The last time Robert M. Walker, PhD, visited the university, he was very much looking forward to Commencement and was planning on attending. Walker received an honorary doctor of science degree in 2004.
Walker died Feb. 12 in Brussels, Belgium, after an extended struggle with stomach cancer. He was 75.
His wife, Ghislaine Crozaz, PhD, professor of earth and planetary sciences in Arts & Sciences, will accept the honorary doctorate in his honor.
Walker was the inaugural director of the McDonnell Center. He played a key role in planning the return of samples by the Apollo missions and in pathbreaking laboratory studies of “moon rocks.”
He was elected to the National Academy of Sciences in 1973.
In the past two decades, he was a world leader of microanalytical studies of tiny grains preserved for eons in meteorites, culminating in their identification as stardust.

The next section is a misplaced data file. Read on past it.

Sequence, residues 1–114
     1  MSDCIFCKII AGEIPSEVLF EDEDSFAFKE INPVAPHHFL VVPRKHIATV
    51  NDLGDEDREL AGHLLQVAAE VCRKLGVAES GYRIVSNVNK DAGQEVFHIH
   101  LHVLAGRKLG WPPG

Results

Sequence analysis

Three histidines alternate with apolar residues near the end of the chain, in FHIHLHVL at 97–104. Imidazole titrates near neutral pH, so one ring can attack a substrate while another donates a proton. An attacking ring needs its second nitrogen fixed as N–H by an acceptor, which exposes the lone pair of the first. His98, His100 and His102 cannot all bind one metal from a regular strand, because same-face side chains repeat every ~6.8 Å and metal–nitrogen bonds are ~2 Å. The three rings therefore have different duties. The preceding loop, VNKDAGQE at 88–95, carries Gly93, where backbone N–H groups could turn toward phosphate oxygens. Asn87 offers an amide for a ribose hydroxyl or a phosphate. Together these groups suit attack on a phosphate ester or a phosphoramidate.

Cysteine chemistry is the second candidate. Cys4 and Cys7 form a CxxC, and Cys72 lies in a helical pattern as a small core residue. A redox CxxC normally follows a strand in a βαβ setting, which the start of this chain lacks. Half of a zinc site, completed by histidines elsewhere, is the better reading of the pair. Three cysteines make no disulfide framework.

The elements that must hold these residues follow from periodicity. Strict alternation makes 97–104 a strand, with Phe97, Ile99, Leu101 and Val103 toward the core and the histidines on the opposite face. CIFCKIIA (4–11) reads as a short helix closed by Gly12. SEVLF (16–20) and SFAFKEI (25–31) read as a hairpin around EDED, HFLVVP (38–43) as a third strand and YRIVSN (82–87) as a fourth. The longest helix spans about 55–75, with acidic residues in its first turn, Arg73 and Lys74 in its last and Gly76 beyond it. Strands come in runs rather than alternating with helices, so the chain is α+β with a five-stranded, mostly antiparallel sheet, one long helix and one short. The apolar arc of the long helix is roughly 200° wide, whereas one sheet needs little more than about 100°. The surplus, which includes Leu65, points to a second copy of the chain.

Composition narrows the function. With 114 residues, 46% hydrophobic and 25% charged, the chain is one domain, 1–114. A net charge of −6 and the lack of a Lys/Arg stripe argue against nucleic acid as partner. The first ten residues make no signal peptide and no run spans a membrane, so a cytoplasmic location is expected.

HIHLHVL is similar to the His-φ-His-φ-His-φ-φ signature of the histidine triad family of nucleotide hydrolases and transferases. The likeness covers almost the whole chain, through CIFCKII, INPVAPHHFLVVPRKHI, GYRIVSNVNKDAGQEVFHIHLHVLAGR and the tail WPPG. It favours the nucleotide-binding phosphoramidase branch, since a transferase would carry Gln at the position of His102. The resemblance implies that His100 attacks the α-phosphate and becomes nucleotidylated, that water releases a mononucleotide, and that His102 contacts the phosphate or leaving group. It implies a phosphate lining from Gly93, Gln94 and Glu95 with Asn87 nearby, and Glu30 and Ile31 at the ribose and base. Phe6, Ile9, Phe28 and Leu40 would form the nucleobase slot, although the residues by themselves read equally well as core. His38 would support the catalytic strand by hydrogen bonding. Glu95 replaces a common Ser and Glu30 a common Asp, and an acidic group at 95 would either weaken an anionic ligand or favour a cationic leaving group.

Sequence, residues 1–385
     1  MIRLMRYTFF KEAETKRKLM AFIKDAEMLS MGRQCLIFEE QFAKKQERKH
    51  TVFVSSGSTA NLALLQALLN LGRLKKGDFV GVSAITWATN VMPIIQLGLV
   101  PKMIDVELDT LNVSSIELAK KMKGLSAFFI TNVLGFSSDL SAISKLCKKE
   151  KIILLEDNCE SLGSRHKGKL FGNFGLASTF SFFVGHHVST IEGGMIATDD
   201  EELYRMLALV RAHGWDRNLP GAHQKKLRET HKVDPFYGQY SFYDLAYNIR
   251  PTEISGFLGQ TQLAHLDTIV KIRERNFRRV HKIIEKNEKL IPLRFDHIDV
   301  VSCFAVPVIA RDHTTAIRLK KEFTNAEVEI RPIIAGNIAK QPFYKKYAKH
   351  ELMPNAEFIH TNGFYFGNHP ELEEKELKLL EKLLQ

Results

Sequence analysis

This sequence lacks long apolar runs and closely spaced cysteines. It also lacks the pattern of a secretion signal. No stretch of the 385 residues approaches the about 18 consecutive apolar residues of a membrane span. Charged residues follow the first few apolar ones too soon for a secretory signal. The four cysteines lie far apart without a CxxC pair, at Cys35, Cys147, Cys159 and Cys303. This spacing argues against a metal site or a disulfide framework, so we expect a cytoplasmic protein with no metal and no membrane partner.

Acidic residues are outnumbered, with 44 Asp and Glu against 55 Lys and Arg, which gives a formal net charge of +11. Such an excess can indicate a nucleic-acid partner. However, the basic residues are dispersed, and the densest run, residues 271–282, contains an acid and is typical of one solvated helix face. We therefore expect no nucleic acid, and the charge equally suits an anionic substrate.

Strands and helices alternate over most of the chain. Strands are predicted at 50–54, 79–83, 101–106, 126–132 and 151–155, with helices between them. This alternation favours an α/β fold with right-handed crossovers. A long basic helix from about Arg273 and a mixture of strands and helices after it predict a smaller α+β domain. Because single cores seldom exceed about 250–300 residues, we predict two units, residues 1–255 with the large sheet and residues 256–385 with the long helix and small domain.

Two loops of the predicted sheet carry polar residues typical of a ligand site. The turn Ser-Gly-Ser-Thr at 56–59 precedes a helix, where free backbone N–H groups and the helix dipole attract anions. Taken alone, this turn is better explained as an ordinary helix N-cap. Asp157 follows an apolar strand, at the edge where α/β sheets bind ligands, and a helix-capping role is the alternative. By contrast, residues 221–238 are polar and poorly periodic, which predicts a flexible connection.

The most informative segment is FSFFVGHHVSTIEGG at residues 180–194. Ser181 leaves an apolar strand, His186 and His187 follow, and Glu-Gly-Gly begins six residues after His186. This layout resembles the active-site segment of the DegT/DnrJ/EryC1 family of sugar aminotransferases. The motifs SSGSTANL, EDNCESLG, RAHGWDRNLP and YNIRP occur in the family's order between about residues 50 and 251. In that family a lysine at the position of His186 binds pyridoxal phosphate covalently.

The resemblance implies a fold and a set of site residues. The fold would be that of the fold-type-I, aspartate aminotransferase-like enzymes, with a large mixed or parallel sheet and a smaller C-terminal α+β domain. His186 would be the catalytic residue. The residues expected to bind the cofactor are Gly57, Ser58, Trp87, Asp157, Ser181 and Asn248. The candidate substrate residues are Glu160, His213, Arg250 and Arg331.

Always in pursuit of more-powerful ways to analyze small amounts of material, Walker devoted the last years of his life to the implementation of nanoscale secondary-ion mass spectrometry — NanoSIMS — promoting the development, acquisition and application of the most advanced instrument of its kind.
This effort was rewarded with the discovery — which he had forecast years earlier — of presolar silicate grains in interplanetary dust particles.